SAN DIEGO -- So the Republican Party opens its convention with a bad case of appendicitis.
All Bob Dole wanted to do was apply a little salve to the party's perennial, or quadrennial, abortion wounds. He prescribed a balm of "tolerance" to be applied to the Republican platform. "Either we're tolerant or we're not, " said the candidate. The platform committee said: "Not."
The one place in America where hard-line pro-lifers hold the majority view is at the Republican convention. There, the power players stiffed both the candidate's request and the moderates' proposal to "acknowledge and respect honest convictions that divide us."
The only "concession" they made was to attach the dissenting views in a grab-bag collection of convention speeches, flotsam and jetsam. An appendix of lost causes.
As for the Band of Six governors and senators who briefly threatened a floor fight over abortion? They have now completed the Three Stages of Pro-Choice Republican Grief as described by Rep. Barney Frank: Ineffectual Protest, Abject Surrender, and Denial.
Well, platforms come and platforms go. Fewer people will see the text of this party position paper than saw the text of the Unabomber's screed against modern society.
But the visible and overbearing banishment of anyone but anti-abortion extremists (Get Thee to An Appendix) is going to be a lingering pain in the side of the Dole campaign.
This is what the platform says, just a few paragraphs above the promise to promote "training in the safe usage of firearms, especially in programs for women and the elderly." It says that the Republican Party wants a total constitutional ban on abortion. It says that the party wants pro-life judges appointed to the bench. And it says that Republicans want laws to prosecute "those who perform abortions."
For a long time, pro-lifers have tried to draw a distinction between women who have abortions and doctors who perform them. The women are "victims." The doctors are "murderers." But with the availability of abortion pills, exactly who is "performing the abortion"? Are the platform writers harking back to those wonderful yesteryears of 1972 when 11 states made a criminal out of any woman who survived an illegal abortion?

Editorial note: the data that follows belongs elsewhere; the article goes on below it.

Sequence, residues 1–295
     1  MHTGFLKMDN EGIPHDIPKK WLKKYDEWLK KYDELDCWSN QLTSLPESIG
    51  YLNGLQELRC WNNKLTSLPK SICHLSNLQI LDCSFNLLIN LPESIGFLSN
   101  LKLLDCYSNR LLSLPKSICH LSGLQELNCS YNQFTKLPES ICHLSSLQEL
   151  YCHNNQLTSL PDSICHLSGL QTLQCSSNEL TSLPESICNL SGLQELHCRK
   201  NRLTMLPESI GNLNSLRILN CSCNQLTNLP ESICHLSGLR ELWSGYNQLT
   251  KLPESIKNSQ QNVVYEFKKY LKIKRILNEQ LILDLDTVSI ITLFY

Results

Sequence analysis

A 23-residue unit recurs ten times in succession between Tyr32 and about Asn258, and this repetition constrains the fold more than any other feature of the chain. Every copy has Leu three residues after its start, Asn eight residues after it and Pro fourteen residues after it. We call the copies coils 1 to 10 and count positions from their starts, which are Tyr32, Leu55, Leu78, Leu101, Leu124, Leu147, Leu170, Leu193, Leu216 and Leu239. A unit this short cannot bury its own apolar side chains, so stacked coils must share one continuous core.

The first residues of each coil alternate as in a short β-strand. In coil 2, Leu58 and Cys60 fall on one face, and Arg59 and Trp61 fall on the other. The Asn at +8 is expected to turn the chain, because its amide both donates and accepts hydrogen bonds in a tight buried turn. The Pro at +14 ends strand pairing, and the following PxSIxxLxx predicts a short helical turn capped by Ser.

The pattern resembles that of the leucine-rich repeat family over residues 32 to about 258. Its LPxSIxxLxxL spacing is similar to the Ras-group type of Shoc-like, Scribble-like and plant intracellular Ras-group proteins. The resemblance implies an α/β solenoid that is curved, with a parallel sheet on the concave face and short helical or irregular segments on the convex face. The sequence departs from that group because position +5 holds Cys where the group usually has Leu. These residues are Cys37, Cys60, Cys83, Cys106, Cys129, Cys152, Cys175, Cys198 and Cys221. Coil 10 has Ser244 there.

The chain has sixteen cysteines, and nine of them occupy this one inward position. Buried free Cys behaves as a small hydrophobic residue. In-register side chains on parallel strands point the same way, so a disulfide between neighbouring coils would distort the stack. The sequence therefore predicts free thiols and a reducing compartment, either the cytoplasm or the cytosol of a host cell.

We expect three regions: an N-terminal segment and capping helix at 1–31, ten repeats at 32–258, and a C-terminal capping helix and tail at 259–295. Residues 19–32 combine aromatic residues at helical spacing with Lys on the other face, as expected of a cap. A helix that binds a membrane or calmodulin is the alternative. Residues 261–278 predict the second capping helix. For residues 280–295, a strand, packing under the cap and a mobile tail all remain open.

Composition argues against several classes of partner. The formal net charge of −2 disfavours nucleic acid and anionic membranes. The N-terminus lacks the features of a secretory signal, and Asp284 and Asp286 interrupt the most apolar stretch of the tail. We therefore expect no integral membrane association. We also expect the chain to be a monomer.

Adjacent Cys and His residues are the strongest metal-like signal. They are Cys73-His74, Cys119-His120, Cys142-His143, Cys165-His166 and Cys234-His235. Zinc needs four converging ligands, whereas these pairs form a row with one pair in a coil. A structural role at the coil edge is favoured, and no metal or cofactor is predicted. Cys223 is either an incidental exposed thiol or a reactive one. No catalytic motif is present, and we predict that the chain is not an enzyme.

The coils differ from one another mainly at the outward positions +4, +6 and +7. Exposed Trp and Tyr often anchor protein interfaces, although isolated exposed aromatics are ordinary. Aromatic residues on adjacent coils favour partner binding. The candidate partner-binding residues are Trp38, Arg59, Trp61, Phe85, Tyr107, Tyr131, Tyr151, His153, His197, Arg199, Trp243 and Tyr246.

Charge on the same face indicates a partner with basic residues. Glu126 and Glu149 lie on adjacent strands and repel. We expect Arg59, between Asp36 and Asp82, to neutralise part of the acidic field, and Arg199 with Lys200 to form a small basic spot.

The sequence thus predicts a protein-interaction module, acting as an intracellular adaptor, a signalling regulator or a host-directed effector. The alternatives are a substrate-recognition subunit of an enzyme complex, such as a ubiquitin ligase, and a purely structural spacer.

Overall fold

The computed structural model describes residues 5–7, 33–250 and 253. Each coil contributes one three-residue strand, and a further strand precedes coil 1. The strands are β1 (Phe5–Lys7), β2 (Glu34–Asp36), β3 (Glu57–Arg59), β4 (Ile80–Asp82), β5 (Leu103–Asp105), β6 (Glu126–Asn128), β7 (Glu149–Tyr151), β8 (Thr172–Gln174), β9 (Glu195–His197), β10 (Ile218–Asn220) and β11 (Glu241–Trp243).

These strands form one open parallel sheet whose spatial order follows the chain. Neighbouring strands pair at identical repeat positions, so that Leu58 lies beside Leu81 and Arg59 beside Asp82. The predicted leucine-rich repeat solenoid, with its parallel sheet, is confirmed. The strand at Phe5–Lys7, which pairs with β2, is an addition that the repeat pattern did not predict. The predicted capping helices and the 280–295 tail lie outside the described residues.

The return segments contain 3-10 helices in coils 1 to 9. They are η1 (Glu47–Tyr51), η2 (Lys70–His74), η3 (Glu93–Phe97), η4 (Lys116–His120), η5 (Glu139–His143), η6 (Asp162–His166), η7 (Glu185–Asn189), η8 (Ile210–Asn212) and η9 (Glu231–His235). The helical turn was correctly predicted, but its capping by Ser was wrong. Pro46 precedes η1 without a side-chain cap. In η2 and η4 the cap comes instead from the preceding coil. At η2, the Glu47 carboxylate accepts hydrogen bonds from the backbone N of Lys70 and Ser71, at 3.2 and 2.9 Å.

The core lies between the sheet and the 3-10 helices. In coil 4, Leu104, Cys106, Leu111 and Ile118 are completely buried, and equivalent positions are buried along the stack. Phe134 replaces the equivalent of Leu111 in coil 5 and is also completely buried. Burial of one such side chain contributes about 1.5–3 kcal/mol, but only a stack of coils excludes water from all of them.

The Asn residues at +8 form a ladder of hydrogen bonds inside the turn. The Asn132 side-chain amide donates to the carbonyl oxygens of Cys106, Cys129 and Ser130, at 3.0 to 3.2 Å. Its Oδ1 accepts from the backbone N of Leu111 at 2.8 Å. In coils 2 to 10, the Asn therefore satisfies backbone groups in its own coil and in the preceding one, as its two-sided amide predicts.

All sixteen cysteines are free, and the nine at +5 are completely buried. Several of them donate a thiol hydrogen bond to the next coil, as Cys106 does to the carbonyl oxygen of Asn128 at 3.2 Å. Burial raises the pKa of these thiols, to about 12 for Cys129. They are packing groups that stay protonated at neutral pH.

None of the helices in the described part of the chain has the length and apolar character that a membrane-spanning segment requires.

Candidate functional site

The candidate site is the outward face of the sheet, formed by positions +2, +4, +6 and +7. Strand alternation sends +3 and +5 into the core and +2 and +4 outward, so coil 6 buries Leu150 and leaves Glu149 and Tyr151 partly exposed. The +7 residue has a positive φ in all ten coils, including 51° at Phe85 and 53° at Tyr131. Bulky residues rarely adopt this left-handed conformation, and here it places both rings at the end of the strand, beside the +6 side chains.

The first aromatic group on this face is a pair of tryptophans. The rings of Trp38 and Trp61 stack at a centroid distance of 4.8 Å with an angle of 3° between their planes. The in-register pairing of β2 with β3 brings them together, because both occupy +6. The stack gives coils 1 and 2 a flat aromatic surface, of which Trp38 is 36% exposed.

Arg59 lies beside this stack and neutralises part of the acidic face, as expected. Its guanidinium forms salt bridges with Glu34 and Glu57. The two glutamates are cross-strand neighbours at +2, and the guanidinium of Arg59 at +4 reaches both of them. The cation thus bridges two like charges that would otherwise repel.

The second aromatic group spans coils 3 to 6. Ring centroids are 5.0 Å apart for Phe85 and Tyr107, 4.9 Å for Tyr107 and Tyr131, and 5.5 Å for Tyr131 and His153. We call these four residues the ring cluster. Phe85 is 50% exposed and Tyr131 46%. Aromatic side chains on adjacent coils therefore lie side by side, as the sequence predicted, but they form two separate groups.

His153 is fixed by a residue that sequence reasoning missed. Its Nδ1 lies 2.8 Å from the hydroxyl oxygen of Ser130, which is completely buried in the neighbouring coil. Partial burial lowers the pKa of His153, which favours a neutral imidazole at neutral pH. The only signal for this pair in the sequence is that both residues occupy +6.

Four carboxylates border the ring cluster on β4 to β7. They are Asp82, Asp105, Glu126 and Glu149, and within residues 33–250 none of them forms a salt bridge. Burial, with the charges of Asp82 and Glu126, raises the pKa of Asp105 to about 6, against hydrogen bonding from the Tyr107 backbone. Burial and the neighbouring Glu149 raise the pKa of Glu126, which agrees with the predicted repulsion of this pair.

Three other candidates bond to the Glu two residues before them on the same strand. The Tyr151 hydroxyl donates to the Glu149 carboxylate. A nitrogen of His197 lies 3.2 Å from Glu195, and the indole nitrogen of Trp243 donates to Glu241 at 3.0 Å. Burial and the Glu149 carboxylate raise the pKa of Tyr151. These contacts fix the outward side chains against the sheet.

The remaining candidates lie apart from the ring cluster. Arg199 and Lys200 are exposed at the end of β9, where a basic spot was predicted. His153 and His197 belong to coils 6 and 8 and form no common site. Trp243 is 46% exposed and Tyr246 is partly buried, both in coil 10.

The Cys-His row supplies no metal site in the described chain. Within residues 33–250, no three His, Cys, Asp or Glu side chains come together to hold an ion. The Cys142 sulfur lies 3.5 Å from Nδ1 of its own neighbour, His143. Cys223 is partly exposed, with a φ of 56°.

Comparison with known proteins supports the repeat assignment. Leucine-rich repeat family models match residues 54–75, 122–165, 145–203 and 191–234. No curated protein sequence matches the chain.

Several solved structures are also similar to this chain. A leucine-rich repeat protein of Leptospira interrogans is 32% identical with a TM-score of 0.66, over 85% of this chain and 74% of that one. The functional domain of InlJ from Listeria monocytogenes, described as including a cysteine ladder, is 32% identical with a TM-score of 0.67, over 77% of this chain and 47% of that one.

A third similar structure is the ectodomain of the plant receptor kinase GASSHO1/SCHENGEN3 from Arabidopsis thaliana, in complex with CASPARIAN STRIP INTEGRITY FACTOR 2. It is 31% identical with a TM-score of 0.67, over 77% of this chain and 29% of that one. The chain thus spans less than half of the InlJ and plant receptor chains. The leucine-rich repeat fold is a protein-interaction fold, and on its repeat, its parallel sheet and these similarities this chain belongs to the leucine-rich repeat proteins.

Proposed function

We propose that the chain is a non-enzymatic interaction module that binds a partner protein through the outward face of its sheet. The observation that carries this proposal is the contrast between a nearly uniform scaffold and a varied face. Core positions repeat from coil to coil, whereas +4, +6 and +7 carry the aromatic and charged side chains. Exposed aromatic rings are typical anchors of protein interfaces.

As Ann Stone, the feisty head of Republicans for Choice, asked Gary Bauer, the head of the Family Research Council: "What happens after you start putting women in jail? Do you set up a registry of pregnant women to see which ones carry to term?"
Any way you run the numbers this is a losing issue for the Republicans. As California Gov. Pete Wilson said, abortion-rights supporters "may be a minority inside the convention hall; it is a majority outside the convention hall."
In San Diego, 72 percent of the delegates think abortion should be illegal in all or most cases. In the country, only 33 percent agree. In 1992, some 17 percent of Republican voters left the party over the abortion issue.
More to the numerical point, one out of every two women in this country will have an abortion at some point in her life. That is a whole lot of voters, a whole lot of "criminals."
While the party was developing a sore appendix, the Alan Guttmacher Institute released its latest study showing that six out of 10 women having abortions experienced a contraceptive failure. This goes a long way to discrediting the favorite pro-life notion of women as irresponsible creatures who casually get pregnant and then use abortion as "birth control."
It doesn't fit the facts, or women's own experience. The study showed, moreover, that women across religious, racial and economic spectra have abortions.
If there's one thing pro-choice and pro-life people could agree on-- tolerant or not -- it's that the best way to curtail abortion is to cut down unwanted pregnancies. But there's not a word about this in the document.
A Dole administration might never really introduce a constitutional ban. The Republicans have had a majority in Congress for two years without raising the subject.
But this appendicitis is a symptom of how the party thinks about women as independent adults, as moral decision-makers: "Not."
This is no way to heal the other sensitive point in the Republican political anatomy: the gender gap.
Ellen Goodman writes a syndicated column.
Pub Date: 8/13/96